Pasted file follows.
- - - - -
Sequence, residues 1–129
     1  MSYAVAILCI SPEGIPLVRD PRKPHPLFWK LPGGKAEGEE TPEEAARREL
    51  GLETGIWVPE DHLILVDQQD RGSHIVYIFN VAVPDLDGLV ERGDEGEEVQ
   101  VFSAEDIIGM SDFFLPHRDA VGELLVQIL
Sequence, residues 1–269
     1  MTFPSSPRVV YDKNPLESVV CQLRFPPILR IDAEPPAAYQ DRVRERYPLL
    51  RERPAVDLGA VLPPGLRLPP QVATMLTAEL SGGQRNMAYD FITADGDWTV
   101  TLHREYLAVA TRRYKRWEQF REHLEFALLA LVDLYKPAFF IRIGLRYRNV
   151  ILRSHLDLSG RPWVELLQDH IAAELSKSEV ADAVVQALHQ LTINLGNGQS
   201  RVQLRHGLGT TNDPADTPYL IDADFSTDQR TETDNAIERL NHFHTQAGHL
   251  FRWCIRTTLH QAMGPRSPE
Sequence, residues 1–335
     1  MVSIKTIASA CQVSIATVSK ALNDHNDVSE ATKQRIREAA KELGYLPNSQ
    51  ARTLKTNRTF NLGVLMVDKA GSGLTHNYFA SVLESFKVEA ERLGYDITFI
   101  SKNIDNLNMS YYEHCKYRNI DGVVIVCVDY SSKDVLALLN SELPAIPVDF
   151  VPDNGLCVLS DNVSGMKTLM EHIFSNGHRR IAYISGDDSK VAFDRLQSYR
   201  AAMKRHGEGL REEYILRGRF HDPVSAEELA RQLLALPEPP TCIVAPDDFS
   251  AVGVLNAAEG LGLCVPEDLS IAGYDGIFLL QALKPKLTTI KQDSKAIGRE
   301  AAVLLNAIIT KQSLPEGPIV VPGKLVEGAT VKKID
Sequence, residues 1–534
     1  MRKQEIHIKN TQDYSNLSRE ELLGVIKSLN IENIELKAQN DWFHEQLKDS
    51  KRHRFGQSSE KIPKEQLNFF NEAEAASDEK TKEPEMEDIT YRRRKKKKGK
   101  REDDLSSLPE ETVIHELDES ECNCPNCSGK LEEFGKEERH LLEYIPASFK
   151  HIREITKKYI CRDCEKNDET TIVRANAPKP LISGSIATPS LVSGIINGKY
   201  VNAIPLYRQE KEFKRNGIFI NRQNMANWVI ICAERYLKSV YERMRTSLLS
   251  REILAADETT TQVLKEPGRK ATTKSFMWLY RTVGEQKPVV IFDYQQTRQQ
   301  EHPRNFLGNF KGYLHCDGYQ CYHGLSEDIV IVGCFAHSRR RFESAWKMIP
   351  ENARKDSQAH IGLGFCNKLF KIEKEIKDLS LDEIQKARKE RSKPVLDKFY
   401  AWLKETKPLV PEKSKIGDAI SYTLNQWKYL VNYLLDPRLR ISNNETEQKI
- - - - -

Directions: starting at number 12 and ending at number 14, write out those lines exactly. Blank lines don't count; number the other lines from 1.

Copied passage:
Sequence, residues 1–335
     1  MVSIKTIASA CQVSIATVSK ALNDHNDVSE ATKQRIREAA KELGYLPNSQ
    51  ARTLKTNRTF NLGVLMVDKA GSGLTHNYFA SVLESFKVEA ERLGYDITFI